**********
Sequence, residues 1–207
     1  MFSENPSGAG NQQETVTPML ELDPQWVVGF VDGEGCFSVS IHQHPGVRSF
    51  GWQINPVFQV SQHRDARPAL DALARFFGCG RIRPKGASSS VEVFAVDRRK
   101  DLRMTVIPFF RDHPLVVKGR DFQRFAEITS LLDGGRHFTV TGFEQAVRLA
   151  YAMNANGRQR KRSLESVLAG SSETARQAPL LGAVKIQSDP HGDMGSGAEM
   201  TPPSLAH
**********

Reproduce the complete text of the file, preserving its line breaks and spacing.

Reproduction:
Sequence, residues 1–207
     1  MFSENPSGAG NQQETVTPML ELDPQWVVGF VDGEGCFSVS IHQHPGVRSF
    51  GWQINPVFQV SQHRDARPAL DALARFFGCG RIRPKGASSS VEVFAVDRRK
   101  DLRMTVIPFF RDHPLVVKGR DFQRFAEITS LLDGGRHFTV TGFEQAVRLA
   151  YAMNANGRQR KRSLESVLAG SSETARQAPL LGAVKIQSDP HGDMGSGAEM
   201  TPPSLAH